Closeup of Sidebar on Lead Display image. Click for full size.
By William J. Toman, August 10, 2010
8. Closeup of Sidebar on Lead Display
Text for first photo:

In 1876 Lead City was a collection of cabins and shacks seemingly placed at random. Within a short time most of the pines had been cut down for timber.

Text for second photo:

By 1937, Lead had spread out of its original canyon to include many other areas. The Homestake Mines Open Cut can be seen in the upper left, with headframes for the underground mines, and mill buildings in the area to the right of the cut. Several decades of natural regrowth had brought the pines back to the hillsides.

Text for third photo:

The City of Lead today is a four-dimensional community over a mile above sea level, over one mile in length, over one mile in width, with mine shafts that are well over a mile and a half in depth.
Closeup of Sidebar on Lead Display image. Click for full size.
By William J. Toman, August 10, 2010
9. Closeup of Sidebar on Lead Display
Text:

The wooden buildings of the early days were prone to fire, and the first sign that a town was achieving permanence was the building of brick buildings. The first Hearst Mercantile Building, a Homestake company store, was built in 1879 and was one of the first brick buildings in Lead.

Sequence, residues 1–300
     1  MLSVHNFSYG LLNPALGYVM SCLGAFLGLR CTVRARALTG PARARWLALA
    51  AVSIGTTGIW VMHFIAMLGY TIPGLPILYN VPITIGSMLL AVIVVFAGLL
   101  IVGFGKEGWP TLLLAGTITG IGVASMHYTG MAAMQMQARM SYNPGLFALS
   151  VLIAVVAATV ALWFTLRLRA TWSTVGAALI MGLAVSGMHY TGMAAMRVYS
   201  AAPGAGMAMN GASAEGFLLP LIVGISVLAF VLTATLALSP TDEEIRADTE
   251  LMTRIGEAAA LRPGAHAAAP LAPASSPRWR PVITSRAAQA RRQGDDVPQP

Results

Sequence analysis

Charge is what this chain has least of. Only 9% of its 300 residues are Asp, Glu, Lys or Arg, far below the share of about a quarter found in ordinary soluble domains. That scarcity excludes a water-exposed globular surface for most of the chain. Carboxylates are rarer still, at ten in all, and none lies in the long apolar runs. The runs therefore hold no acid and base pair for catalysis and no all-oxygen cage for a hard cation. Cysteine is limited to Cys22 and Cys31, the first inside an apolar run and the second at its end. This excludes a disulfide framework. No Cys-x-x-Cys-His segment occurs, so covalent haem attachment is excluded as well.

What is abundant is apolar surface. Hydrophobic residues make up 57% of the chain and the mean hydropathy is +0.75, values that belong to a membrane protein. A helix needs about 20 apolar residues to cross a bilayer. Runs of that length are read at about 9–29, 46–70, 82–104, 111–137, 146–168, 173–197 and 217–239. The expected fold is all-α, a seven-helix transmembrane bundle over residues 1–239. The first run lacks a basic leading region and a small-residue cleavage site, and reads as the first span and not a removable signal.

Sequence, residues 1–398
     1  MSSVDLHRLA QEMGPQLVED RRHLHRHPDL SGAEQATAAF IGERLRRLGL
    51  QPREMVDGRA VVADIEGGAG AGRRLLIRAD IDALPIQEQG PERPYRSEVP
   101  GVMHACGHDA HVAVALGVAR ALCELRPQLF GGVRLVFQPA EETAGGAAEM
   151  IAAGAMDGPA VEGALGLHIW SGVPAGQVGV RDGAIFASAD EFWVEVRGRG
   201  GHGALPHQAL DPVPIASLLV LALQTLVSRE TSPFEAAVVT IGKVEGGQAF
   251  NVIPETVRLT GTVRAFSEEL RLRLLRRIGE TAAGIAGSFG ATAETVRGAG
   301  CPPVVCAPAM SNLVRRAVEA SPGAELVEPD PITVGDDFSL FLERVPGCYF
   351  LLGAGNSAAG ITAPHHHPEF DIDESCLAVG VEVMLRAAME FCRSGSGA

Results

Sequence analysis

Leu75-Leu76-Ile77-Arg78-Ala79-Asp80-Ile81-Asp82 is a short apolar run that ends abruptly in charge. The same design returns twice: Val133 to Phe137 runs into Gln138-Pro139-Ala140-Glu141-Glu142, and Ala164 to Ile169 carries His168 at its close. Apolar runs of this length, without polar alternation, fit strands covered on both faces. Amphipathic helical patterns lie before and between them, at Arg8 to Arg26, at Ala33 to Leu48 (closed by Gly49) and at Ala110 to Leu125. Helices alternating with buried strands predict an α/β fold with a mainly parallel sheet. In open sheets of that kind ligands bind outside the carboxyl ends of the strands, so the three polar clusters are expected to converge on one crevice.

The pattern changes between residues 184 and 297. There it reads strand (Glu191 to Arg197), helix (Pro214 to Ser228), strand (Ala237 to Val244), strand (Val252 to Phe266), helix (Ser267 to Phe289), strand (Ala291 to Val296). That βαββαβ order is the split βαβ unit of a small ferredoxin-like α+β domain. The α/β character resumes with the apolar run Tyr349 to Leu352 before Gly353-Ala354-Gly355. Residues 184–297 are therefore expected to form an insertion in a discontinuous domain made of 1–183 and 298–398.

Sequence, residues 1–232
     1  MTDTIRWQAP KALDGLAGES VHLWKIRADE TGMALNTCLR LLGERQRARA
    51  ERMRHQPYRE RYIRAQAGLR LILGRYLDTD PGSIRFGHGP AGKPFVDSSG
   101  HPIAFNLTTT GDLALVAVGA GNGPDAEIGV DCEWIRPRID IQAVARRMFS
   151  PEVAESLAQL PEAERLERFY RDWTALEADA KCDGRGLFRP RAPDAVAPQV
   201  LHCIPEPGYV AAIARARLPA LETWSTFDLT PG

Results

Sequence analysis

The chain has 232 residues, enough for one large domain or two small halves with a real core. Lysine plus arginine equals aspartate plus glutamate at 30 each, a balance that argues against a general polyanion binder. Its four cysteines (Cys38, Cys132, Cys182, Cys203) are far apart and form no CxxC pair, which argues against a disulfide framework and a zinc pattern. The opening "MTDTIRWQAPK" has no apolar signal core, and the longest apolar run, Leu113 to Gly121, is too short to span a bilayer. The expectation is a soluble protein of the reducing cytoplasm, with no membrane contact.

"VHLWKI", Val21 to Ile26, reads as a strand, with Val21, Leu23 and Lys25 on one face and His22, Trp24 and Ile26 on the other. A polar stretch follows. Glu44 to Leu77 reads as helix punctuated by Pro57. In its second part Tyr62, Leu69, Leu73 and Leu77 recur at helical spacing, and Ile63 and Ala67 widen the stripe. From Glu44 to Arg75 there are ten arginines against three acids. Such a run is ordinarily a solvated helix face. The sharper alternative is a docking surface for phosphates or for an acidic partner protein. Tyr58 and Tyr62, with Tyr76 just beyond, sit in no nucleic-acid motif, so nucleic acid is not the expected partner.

Most mining towns had one or more great fires but Lead City had fewer than many. The chief effect of such fires was the construction of stone or brick buildings, moving the community further along the road to permanence.

A town had arrived when permanent hotels, schools, and other buildings were constructed. The hospital in Lead was constructed and operated by Homestake.
 
 
Credits. This page was last revised on June 16, 2016. This page originally submitted on August 22, 2010, by William J. Toman of Green Lake, Wisconsin. This page has been viewed 1,574 times since then and 66 times this year. Photos:   1, 2, 3, 4, 5. submitted on August 22, 2010, by William J. Toman of Green Lake, Wisconsin.   6, 7, 8, 9. submitted on August 23, 2010, by William J. Toman of Green Lake, Wisconsin. • Bill Pfingsten was the editor who published this page.